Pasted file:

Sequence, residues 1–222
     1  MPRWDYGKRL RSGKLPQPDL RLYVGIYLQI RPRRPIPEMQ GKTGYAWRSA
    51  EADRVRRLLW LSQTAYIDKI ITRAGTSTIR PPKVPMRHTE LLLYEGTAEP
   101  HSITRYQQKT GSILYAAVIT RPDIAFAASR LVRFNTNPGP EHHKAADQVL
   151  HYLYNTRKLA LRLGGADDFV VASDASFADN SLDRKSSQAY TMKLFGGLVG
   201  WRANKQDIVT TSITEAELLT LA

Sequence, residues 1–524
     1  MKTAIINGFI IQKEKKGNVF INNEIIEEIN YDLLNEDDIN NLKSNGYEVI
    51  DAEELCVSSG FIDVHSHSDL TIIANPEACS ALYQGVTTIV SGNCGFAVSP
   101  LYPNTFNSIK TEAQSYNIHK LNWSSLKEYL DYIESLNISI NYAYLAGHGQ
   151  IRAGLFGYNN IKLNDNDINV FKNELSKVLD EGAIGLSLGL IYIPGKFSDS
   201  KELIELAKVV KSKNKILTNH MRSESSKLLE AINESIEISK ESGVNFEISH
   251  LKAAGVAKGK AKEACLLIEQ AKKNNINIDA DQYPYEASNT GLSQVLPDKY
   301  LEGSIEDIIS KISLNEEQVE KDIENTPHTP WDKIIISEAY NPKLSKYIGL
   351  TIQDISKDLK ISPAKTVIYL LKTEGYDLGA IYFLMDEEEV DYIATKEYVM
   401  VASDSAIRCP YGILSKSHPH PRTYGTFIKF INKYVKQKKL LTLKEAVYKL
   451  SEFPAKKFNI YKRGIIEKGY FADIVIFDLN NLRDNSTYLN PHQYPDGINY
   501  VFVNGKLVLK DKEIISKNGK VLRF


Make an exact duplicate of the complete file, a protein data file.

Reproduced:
Sequence, residues 1–222
     1  MPRWDYGKRL RSGKLPQPDL RLYVGIYLQI RPRRPIPEMQ GKTGYAWRSA
    51  EADRVRRLLW LSQTAYIDKI ITRAGTSTIR PPKVPMRHTE LLLYEGTAEP
   101  HSITRYQQKT GSILYAAVIT RPDIAFAASR LVRFNTNPGP EHHKAADQVL
   151  HYLYNTRKLA LRLGGADDFV VASDASFADN SLDRKSSQAY TMKLFGGLVG
   201  WRANKQDIVT TSITEAELLT LA

Sequence, residues 1–524
     1  MKTAIINGFI IQKEKKGNVF INNEIIEEIN YDLLNEDDIN NLKSNGYEVI
    51  DAEELCVSSG FIDVHSHSDL TIIANPEACS ALYQGVTTIV SGNCGFAVSP
   101  LYPNTFNSIK TEAQSYNIHK LNWSSLKEYL DYIESLNISI NYAYLAGHGQ
   151  IRAGLFGYNN IKLNDNDINV FKNELSKVLD EGAIGLSLGL IYIPGKFSDS
   201  KELIELAKVV KSKNKILTNH MRSESSKLLE AINESIEISK ESGVNFEISH
   251  LKAAGVAKGK AKEACLLIEQ AKKNNINIDA DQYPYEASNT GLSQVLPDKY
   301  LEGSIEDIIS KISLNEEQVE KDIENTPHTP WDKIIISEAY NPKLSKYIGL
   351  TIQDISKDLK ISPAKTVIYL LKTEGYDLGA IYFLMDEEEV DYIATKEYVM
   401  VASDSAIRCP YGILSKSHPH PRTYGTFIKF INKYVKQKKL LTLKEAVYKL
   451  SEFPAKKFNI YKRGIIEKGY FADIVIFDLN NLRDNSTYLN PHQYPDGINY
   501  VFVNGKLVLK DKEIISKNGK VLRF